New Historian

2000-Year-Old Hair Reveals Ancient Diet

Mummified Hair

<![CDATA[The hair of 2000-year-old mummies is unlocking secrets of ancient Peruvian life. Researchers have recently been conducting chemical analysis on hair from mummies. The results have revealed a large amount about the diets of these ancient people, and offered clues about their society. The mummies were originally found by Peruvian archaeologist Julio Tello in 1925, in an area of southern Peru which became known as the Paracas Necropolis of Wari Kayan. Of particular interest at the time were the beautifully dyed textiles made from wool, cotton and plant matter which the mummies were buried with; the dry climate had meant that the mummies and their textiles were naturally preserved. "The textiles have been sent to museums all over the world," said the study's lead author Kelly Knudson, associate professor at the Center for Bioarchaeological Research at Arizona State University. "But we don't actually know much about the people themselves." In order to find out more about the lives of the inhabitants of Wari Kayan, Knudson and her colleagues examined the mummies' hair. Human hair grows slowly, with 1cm of hair taking roughly four weeks to grow, making it a particularly revealing source of information. "We can use hair to look at diet because, quite simply, we are what we eat," Knudson said. "By looking at how far the hair is from the scalp, we were able to look at what they were eating in particular weeks or months before they died." Hair is about 45% carbon and about 14% nitrogen. By analysing different isotopes (variants of a particular chemical element) of carbon and nitrogen, Knudson and her colleagues could determine what types of food the mummies ate. Nitrogen content is of particular use in deducing diet. Animals that are higher up on the food chain tend to have higher nitrogen isotope values. In seawater and sea plants, nitrogen isotope values tend to be even higher than on land. If you are at the top of the food chain on land, you have a reasonably high nitrogen isotope value, Knudson explained. "But if you're at the top of the food chain in the ocean, you have really high nitrogen isotope values." The hair of the mummies from Wari Kayan had very high nitrogen isotope values, indicating a diet rich in plants and animals from the sea. "[This] is interesting to us, because these people were living on the Peruvian coast and had access to one of the richest fisheries in the world. But we didn't know how much of that they were using," Knudson said. It was also observed that the mummies' hair chemistry did not differ that much over time; this indicates that they had lived a reasonably settled life, eating a specific diet based on their location. Knudson's study shows how vitally important it is to properly preserve museum collections. As technological and scientific advances are made, we can glean fresh information from remains or artefacts. "This study is an excellent example of how modern bioarchaeological and scientific methods can be applied to these invaluable collections to shed important new light on the past," said Emily Webb, an archaeological scientist at the University of Bristol in the United Kingdom, who was not involved in the study. For more information: Image courtesy of Wikimedia commons user: Fæ ]]>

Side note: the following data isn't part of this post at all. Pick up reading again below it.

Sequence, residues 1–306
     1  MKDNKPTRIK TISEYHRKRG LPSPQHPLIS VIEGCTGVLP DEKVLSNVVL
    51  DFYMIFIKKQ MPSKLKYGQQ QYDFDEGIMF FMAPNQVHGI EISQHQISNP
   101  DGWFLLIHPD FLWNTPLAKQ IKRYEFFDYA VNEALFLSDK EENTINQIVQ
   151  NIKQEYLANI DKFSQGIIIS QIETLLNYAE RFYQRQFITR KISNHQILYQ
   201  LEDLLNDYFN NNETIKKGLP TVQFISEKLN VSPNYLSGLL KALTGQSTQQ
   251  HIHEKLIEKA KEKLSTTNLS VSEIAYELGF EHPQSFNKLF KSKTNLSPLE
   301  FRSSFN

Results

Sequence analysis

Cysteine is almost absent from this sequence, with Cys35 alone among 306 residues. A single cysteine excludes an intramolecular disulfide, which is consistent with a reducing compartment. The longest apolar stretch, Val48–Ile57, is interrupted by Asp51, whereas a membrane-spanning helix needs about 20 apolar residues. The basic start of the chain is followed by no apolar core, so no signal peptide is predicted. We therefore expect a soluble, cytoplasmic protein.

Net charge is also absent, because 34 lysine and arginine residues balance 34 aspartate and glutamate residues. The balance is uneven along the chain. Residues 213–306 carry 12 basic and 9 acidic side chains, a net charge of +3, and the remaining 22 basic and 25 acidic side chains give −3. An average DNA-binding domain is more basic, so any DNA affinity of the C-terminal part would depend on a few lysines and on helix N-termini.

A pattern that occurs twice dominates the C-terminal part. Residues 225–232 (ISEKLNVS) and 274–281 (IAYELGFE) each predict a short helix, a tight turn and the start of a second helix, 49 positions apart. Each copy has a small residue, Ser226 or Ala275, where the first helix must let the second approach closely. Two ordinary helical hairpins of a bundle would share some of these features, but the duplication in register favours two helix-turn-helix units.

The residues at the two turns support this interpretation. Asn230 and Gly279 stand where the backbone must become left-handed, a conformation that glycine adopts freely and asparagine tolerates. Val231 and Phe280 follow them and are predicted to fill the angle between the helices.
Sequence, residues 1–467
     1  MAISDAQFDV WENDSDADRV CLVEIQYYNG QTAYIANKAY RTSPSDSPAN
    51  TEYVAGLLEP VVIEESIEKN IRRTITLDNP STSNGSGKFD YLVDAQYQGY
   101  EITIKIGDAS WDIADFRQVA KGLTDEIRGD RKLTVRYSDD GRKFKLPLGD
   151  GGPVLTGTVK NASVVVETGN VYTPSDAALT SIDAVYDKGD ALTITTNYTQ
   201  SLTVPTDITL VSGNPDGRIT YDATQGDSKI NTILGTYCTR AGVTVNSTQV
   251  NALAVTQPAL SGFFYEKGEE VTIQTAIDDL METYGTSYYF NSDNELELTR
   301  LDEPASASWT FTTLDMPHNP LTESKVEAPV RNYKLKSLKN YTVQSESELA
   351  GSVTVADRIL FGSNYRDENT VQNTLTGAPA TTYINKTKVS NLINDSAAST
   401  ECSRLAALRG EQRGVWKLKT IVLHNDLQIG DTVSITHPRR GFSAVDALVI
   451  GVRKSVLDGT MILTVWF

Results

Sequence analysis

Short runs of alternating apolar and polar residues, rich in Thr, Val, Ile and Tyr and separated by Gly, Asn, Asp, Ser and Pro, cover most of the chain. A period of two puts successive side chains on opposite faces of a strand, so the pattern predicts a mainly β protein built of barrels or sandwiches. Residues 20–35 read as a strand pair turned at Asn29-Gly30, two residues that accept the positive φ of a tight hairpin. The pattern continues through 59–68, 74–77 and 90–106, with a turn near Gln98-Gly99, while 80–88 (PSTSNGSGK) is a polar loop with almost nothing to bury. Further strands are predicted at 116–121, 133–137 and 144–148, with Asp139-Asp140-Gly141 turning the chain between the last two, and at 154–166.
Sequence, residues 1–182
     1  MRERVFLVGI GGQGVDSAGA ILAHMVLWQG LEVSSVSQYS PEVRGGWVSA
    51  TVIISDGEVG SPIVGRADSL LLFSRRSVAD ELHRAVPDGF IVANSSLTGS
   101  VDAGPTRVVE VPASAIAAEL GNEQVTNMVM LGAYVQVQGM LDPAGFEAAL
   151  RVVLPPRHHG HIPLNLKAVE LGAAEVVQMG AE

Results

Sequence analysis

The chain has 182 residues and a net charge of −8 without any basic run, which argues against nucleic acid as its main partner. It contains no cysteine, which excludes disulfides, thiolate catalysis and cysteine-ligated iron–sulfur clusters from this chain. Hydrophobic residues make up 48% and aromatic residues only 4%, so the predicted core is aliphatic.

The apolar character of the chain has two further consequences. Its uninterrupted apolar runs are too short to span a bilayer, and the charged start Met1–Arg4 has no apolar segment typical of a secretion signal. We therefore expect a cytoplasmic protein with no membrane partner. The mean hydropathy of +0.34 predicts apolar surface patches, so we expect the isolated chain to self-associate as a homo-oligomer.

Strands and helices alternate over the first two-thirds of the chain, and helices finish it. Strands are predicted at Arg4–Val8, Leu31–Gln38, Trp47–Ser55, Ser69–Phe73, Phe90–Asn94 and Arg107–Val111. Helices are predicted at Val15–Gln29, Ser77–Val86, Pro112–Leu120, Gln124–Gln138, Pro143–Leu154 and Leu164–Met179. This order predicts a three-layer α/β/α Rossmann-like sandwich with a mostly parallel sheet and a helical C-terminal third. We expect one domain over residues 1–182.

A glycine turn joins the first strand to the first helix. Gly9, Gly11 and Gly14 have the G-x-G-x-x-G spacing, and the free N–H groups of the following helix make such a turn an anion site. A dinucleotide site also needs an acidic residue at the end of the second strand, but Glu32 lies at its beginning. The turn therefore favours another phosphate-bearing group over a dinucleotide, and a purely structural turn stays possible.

Exit mobile version